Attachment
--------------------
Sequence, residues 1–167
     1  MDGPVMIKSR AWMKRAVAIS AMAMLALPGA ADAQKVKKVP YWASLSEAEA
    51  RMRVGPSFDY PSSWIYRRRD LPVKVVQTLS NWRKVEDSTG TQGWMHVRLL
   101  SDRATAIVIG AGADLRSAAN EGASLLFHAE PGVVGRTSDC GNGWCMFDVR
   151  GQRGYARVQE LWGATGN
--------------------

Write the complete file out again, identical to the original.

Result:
Sequence, residues 1–167
     1  MDGPVMIKSR AWMKRAVAIS AMAMLALPGA ADAQKVKKVP YWASLSEAEA
    51  RMRVGPSFDY PSSWIYRRRD LPVKVVQTLS NWRKVEDSTG TQGWMHVRLL
   101  SDRATAIVIG AGADLRSAAN EGASLLFHAE PGVVGRTSDC GNGWCMFDVR
   151  GQRGYARVQE LWGATGN